3. Knees bent, legs extended to each side
  4. Position your feet so that the soles of each foot are facing one another. Hold the soles outward with both hands.
  5. To assist you to raise your upper body, cinch your ankles.
  6. Gently exhale and extend your feet forward.

2.) Child’s Pose or  Balasana

The default yoga stance for relaxation is balasana. Particularly if your back suffers a lot, this is an excellent method for reducing menstrual discomfort. This pose helps you unwind while also stretching your back muscles. Do not forget to take deep breaths while performing this stance. The child’s stance keeps the posterior healthy and helps to relieve hip pain.

Steps  – 

  1. Get on all fours and sit on the floor. Keep both of your big toes in contact.
  2. Inhale as you position your knees hip-width apart.
  3. Exhale as you lean forward and swing your arms forward, laying your body between your thighs.
  4. For a couple of minutes, maintain this posture.
  5. Finally, take a slow breath in and then re-enter the beginning posture.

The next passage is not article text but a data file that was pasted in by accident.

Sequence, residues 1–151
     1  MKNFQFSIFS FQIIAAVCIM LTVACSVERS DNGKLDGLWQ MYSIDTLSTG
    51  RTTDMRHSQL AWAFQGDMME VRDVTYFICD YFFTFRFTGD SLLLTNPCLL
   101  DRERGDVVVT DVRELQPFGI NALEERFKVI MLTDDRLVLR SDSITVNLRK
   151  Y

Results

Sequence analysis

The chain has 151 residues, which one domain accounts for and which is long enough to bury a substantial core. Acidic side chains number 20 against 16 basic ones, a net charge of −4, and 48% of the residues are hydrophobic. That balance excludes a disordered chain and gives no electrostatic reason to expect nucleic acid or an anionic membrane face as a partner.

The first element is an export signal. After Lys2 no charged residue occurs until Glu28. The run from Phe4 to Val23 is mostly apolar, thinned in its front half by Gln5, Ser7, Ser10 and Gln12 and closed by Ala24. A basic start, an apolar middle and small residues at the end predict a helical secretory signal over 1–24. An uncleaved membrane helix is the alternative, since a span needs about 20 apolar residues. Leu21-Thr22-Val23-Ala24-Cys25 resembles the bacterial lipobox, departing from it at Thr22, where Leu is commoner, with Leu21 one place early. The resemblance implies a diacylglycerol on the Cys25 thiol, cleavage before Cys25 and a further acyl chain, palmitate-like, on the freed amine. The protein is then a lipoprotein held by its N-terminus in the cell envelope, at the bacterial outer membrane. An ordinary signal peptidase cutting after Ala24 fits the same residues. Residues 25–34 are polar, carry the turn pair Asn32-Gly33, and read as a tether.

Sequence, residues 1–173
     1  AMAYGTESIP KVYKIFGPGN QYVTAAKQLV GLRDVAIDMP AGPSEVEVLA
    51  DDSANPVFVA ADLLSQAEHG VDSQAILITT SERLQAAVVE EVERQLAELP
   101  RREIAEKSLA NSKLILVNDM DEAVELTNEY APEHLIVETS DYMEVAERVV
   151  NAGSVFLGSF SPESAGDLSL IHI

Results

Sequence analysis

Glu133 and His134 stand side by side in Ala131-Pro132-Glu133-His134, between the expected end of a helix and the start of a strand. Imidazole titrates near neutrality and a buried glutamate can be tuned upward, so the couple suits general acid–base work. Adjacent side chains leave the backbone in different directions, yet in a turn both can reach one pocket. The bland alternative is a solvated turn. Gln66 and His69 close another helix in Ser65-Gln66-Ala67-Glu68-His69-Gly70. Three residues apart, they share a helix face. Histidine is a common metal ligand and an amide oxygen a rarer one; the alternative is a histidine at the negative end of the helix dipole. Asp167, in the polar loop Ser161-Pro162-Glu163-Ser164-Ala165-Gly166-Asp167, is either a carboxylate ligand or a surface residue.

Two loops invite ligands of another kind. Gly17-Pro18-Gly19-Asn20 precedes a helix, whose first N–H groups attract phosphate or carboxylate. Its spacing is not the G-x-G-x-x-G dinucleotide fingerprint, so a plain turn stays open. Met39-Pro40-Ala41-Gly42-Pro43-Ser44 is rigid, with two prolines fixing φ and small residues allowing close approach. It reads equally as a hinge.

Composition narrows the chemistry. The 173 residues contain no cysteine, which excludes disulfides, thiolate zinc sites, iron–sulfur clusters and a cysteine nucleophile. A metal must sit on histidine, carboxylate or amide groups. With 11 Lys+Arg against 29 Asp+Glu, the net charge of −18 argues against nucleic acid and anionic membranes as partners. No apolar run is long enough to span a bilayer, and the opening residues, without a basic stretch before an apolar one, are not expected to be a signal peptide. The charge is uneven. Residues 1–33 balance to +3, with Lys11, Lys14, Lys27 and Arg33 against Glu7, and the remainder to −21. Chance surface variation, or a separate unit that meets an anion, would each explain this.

6. You can do it five to ten times.

3.) Reclining Twist or Bharadvaja

An open twist performed while seated is safe to perform during menstruation since the abdomen is not constricted and the entire front of the trunk is left wide and open. Due to the space that is created by the back ribs expanding, it can help to relieve tension in the shoulders and neck. Twists are thought to massage the abdominal organs and replenish their blood flow.

Steps  –

  1. Hug your knees close to your chest while lying on your back.
  2. Place your right knee on your chest while lowering your left leg to the floor. With the palms facing down, extend both arms in a T.
  3.  Tuck your right foot beneath your left inner thigh and slowly lower your right knee as far as is comfortable across your body toward the mat.
  4. Keep your right shoulder flat on the mat while keeping your left shoulder up.
  5. You should rest your knee on a cushion if it does not reach the mat all the way so that you may relax completely into the position.